HGS Top Ten from the President

As members of the HGS, we often see only a part of what theorganization does, so I decided to take the next couple ofcolumns to list it all out.

1. Technical Dinner Meetings.
HGS offers about 50 technicaldinner meetings per year, with four to five different topics per month, each centered around a general interest group. The five meetings tend to have different audiences; most people don’t attend more than one or two a month. Each meeting provides you with an opportunity to hear a state-of-the-art technical presentation and to network with other geoscientists who share your interests.

2. HGS Bulletin.
Whether you read it online or in its glossy paper form, the HGS Bulletin is one of the best and most comprehensive publications from a local geological society. The next time you see Editor Michael Forlenza be sure to thank him for doing the hardest job in the HGS so very well.

3. Continuing Education Courses.
Did you know that the instructors for our ConEd courses volunteer their time to HGS? The ConEd committee works hard to develop, organize, and present top-of-the-line courses for very reasonable fees.

4. Technical Conferences.
This year’s Africa Conference in the fall, and the upcoming Unconventional Shale/Mudstones Conference present unique programs that draw attendees from all over the world.

5. Scholarship Programs.
HGS has two endowed scholarship foundations, the HGS Foundation, which provides support for undergraduate geology students, and the Calvert Memorial Scholarship Foundation, which provides support for graduate geology students. Did you know that a number of students who have been supported by these foundations have, once they have become employed professional geoscientists, contributed funds to the scholarship programs equivalent to the amount that they received? Personally, I feel the scholarship awards are one of our most important programs. This year, since the endowment income has gone down with the economy, both foundations need donations to maintain the current level of scholarship funding. Please help with donations and encourage your companies to do the same.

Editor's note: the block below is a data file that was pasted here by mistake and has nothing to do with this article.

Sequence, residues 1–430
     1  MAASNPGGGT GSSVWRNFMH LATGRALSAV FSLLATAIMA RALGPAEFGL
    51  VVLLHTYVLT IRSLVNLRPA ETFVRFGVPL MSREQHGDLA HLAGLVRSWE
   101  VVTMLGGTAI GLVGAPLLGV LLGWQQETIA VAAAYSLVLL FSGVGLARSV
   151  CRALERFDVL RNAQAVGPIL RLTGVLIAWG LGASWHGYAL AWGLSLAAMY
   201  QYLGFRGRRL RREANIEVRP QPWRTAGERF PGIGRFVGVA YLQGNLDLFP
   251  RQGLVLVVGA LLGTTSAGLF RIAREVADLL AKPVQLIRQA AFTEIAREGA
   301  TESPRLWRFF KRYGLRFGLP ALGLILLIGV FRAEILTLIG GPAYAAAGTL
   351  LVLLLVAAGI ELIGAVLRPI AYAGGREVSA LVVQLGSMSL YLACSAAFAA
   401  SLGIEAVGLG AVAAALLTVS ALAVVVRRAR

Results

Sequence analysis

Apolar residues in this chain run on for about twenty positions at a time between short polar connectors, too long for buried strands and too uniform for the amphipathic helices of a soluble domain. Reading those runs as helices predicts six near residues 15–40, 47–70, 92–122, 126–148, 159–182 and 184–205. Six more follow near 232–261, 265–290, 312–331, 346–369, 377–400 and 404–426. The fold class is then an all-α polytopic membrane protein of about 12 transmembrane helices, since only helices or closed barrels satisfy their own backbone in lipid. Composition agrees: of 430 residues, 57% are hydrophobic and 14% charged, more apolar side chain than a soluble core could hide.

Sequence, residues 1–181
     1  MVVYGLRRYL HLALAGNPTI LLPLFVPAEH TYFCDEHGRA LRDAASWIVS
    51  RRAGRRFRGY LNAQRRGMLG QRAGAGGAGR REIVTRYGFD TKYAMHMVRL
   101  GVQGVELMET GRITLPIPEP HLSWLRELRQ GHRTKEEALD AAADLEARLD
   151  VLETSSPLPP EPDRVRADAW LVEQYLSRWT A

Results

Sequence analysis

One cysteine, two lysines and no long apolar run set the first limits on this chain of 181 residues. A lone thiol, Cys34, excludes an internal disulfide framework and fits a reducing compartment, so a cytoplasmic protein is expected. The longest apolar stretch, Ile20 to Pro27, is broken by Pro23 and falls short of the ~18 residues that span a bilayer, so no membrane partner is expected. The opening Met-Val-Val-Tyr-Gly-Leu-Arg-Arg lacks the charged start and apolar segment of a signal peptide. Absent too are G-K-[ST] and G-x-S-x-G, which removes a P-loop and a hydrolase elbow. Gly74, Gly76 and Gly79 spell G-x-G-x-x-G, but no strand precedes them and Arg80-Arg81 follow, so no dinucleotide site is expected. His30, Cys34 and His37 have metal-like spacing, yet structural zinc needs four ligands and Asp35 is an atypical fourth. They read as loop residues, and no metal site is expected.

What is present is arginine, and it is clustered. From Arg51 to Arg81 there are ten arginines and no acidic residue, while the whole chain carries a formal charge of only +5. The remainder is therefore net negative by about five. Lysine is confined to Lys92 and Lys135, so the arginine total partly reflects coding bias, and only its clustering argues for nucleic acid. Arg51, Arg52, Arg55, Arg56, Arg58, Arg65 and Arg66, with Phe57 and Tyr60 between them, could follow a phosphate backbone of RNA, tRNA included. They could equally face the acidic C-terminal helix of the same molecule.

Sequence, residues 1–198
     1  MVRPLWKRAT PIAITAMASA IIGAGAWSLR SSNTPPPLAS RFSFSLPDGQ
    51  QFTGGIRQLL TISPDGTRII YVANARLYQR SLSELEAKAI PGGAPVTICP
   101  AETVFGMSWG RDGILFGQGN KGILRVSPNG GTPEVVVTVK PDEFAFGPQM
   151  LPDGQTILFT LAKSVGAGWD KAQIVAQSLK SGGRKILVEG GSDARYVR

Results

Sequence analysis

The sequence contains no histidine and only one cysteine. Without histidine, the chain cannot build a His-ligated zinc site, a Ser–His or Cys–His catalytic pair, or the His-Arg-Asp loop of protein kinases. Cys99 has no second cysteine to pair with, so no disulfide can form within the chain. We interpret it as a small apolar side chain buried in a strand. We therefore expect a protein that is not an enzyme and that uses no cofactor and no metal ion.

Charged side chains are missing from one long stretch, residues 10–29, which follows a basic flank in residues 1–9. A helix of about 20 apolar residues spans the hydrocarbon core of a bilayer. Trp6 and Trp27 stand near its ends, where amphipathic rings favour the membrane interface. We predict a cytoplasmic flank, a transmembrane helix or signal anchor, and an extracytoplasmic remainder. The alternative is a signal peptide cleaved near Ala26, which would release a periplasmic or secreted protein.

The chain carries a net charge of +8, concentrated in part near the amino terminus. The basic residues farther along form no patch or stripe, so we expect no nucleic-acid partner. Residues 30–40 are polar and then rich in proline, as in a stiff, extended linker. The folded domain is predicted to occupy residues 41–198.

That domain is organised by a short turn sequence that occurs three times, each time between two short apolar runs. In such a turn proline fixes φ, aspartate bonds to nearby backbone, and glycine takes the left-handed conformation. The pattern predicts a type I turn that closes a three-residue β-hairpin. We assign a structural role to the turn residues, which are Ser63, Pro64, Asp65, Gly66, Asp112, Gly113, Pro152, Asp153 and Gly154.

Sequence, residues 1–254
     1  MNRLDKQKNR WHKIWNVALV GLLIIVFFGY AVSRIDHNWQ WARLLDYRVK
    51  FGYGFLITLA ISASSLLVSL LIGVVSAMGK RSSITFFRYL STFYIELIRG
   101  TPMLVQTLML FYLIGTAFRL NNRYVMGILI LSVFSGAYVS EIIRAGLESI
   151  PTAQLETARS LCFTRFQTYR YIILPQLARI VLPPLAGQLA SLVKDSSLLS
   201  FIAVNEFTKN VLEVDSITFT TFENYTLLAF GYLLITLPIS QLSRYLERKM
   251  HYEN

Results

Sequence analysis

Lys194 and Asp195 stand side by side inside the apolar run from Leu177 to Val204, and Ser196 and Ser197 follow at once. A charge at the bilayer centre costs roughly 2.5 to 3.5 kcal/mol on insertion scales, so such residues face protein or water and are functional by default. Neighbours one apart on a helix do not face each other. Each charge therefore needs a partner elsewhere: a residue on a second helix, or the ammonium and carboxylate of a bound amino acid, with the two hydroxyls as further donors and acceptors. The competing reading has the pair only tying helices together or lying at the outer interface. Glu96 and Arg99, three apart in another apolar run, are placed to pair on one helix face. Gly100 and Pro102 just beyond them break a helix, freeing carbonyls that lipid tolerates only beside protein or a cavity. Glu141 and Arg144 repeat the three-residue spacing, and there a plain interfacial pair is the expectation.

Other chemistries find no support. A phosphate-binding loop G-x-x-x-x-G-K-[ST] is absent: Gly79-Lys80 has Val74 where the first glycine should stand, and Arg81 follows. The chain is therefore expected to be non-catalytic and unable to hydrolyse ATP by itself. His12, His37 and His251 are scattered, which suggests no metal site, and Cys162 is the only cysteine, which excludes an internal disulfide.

I will discuss some of the less wellknown HGS programs next time.
We are delighted to present Scott Tinker at the February General Dinner meeting. Scott is currently President of AAPG and Director of the Texas Bureau of Economic Geology. He is a great speaker too, both witty and provocative. Register early because I expect this event to sell out.

The North American and International Groups are having a joint program featuring Dr. Hans Kenna speaking about basin modeling and structural restoration in Wyoming and Utah, and at the General Lunch meeting, Michael Bodell will explain to us the factors that drive natural gas pricing.
Plus, if you hoped to go on the Trans-Pecos field trip but were unable to attend, it has been rescheduled for February 20-25th, so you have a second chance.
February also brings the Unconventional Shale/Mudstones conference, which should be superb. This is the second time the Conference has been conducted, and if this one is as well organized and useful as the last, it will be well-worth attending.
We are delighted to announce that the HGS Board has decided to nominate Charles Sternbach to AAPG as a candidate for AAPG VP Sections. He joins a stellar list of HGS members proposed as HGS nominees for AAPG offices, including Dave Rensink, currently running for AAPG President. Congratulations to both of them, and our thanks to them both for their years of service totheir profession.

February 2009 HGS Bulletin
Thursday, January 29, 2009
From the President